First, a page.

Wireless Capsule Endoscopy Helps Diagnose Crohn's Disease

Laurie Barclay, MD

March 17, 2003

March 17, 2003 — Wireless capsule endoscopy is effective in diagnosing Crohn's disease (CD) in patients suspected of having the disease but who had normal imaging studies, according to the results of a small study published in the March issue of Gut.

"The current visualization and imaging methods available to the gastroenterologist in diagnosing small bowel diseases and disorders are unsatisfactory," write Z. Fireman, from Hillel Yaffe Medical Center in Hadera, Israel, and colleagues. "The alternative solution should be relatively comfortable for the patient, easy to use by the gastroenterologist, relatively inexpensive, and one that will provide a reasonable level of visual imaging for the detection of small bowel abnormalities. The Given Diagnostic Imaging System (M2A Capsule) is a new modality designed to accommodate these requirements."

The M2A capsule contains a miniature video camera, a light source, batteries, and a radio transmitter, allowing images to be captured from the entire gastrointestinal tract and stored in a portable recorder for up to eight hours.

Of 17 patients with suspected CD, eight were men, nine had iron deficiency anemia, eight had abdominal pain, seven had diarrhea, and three had weight loss. Small bowel x-ray and endoscopy of the upper and lower gastrointestinal tract were normal. Mean age was 40 ± 15 years, and mean duration of symptoms before diagnosis was 6.3 ± 2.2 years.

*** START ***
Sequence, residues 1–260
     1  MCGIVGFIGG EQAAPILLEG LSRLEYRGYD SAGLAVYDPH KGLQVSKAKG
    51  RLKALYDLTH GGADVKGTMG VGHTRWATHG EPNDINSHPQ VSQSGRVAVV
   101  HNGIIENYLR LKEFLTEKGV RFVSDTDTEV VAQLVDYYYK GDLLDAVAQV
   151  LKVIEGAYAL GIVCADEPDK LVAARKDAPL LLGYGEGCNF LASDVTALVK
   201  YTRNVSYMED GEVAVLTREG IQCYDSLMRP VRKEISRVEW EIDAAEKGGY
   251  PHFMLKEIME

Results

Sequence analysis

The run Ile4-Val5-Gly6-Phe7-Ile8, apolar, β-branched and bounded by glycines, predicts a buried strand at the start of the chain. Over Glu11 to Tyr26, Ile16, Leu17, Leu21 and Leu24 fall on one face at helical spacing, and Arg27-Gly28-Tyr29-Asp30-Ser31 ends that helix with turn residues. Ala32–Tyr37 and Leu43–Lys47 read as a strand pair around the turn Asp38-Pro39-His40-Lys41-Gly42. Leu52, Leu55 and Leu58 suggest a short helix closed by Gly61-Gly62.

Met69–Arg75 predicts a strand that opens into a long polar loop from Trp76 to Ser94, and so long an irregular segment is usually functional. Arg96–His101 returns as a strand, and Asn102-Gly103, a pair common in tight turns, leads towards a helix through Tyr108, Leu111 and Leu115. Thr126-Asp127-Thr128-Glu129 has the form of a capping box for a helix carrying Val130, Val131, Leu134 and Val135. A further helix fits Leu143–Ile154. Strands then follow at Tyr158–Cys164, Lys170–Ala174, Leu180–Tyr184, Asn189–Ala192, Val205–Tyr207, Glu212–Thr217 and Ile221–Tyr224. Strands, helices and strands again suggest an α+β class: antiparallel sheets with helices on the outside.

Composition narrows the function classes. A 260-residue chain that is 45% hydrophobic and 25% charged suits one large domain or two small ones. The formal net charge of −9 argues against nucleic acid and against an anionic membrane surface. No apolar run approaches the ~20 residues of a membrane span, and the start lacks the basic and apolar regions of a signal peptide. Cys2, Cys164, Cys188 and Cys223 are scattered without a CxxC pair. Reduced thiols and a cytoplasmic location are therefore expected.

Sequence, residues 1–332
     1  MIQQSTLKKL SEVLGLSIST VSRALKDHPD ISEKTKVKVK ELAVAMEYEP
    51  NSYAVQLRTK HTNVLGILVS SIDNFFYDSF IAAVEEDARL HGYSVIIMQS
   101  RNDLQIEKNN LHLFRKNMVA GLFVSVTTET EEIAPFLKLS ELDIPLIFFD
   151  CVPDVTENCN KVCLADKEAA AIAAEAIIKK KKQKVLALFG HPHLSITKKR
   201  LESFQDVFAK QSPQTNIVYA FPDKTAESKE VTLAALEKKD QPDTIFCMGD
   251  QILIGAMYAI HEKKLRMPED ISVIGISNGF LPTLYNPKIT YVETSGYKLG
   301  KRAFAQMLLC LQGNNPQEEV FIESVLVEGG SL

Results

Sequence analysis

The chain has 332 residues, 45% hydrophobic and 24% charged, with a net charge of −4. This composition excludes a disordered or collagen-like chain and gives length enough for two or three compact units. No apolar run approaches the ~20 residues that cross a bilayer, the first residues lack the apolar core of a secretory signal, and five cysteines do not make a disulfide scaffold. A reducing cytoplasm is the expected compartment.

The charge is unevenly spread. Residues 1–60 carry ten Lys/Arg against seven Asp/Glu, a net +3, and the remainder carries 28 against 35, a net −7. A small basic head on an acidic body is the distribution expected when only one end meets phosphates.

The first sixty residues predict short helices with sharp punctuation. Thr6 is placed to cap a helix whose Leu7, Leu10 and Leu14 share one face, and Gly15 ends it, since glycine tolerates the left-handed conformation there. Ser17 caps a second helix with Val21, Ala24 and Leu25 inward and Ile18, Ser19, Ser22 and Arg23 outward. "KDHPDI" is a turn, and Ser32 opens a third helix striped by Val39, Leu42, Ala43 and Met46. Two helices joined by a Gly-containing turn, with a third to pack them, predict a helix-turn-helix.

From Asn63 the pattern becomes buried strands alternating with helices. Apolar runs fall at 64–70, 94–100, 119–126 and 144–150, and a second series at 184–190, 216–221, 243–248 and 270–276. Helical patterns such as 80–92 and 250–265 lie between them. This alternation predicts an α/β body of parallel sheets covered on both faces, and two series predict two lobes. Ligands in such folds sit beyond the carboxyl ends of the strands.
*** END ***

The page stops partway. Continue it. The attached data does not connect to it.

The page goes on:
Each subject swallowed an M2A capsule and excreted it naturally in the bowel movement the next day. Recording time was approximately eight hours. Of the 17 subjects, the M2A capsule allowed diagnosis of CD of the small bowel in 12 (70.6%).

Study limitations included short follow-up for patients receiving medications and failure to diagnose CD in two cases, related to decreased small bowel motility slowing the movement of the capsule and not allowing imaging of the entire small bowel in the limited time provided by the battery.

"To date, over 8,000 patients have undergone wireless capsule endoscopy worldwide," the authors write. "Our patients had long intervals from the onset of disease until diagnosis: the wireless capsule might have been able to provide a correct diagnosis during the early stages of disease as well as in cases of less severe forms. We propose the wireless capsule as being an effective modality for diagnosing patients with suspected CD."

Two of the study authors are members of the medical advisory board of Given Imaging.

Gut. 2003;52:390-392

Reviewed by Gary D. Vogin, MD

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